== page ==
There was a lot of data to absorb in Mary Meeker’s most recent Internet Trends Report, touching on everything from Internet advertising to smartphone uptake to industrial drone applications. At 197 slides this year, the annual report prepared by the Silicon Valley venture capitalist and so-called “Queen of Net,” is longer than ever, but well worth the read (you can download the full PDF).
We’ll undoubtedly be reading these tea leaves for some time to come, but one chart in particular caught my eye: this generational breakdown of the U.S. workforce over the last 15 years:
I was curious how that compared to Canada, and if you pull the same numbers you can see the trend is the same here: millennials—in sheer numbers, at least—became the largest cohort in the Canadian workforce last year:
We’ve had roughly 20 years of hand-wringing about this tipping point, but now it’s here. Companies of all sizes, and across all sectors, need to know how they are going to recruit, train, retain, and advance these employees as Boomer retirement accelerates.
As we’ve enumerated before, millennials aren’t from a different planet—mostly, they want the same things their parents did. But there are generational differences that will change the way many companies work over the coming years. As employees they are eroding the organizational structures that many of their predecessors took for granted: The traditional office is most squarely in the crosshairs, with 70% of millennial employees saying they’d rather work remotely. (That may be because most offices are awful places to work.) Their early experience of the job market has also been different. Unlike Generation X, unemployment hasn’t been the main problem for the majority of millennials. Instead, underemployment, temporary contract positions, lousy pay and never-ending “internships” have eroded their expectations, and in the process, their sense of loyalty to any given employer.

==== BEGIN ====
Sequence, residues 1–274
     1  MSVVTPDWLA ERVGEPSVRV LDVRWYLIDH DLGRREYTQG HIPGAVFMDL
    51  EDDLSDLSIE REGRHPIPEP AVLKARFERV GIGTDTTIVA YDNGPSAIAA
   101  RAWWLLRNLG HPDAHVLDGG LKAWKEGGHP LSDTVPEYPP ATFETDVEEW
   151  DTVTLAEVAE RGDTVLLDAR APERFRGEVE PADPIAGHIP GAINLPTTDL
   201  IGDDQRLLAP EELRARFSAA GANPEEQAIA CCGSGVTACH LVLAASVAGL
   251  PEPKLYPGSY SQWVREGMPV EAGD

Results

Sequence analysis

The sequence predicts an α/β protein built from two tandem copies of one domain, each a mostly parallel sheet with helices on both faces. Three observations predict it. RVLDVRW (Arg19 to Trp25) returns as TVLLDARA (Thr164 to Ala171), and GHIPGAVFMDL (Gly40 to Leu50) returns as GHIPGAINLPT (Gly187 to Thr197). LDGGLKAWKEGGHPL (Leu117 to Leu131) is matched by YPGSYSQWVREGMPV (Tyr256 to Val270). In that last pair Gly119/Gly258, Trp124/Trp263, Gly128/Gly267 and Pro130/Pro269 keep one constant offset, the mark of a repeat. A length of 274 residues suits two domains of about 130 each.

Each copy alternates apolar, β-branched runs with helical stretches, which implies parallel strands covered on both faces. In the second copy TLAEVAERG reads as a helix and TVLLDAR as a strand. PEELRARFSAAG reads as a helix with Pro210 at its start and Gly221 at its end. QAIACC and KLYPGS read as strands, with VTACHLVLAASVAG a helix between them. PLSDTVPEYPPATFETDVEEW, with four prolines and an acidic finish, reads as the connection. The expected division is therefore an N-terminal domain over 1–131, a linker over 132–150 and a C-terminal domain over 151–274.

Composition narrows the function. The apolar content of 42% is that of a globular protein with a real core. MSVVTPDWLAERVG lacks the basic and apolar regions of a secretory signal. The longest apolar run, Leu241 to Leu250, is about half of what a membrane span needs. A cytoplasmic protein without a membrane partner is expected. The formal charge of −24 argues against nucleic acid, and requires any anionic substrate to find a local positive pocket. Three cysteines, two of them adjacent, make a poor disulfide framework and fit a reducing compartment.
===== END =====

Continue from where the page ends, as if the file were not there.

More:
Managers love to complain about the sense of entitlement, lack of respect for hierarchy, and frequent job-hopping they see in their young employees (make that young-ish—the oldest among them are entering their mid-30s today). Those grievances aren’t without cause—they’re simply beside the point. Canada’s workforce is shrinking overall, which means the struggle to hire and retain good employees is only getting harder. Survival will require adaptation, and that means embracing the flattened hierarchies, increased autonomy and flexible structures that these employees prefer.
Also, there will probably be a slight uptick in Taylor Swift gifs. Brace yourself.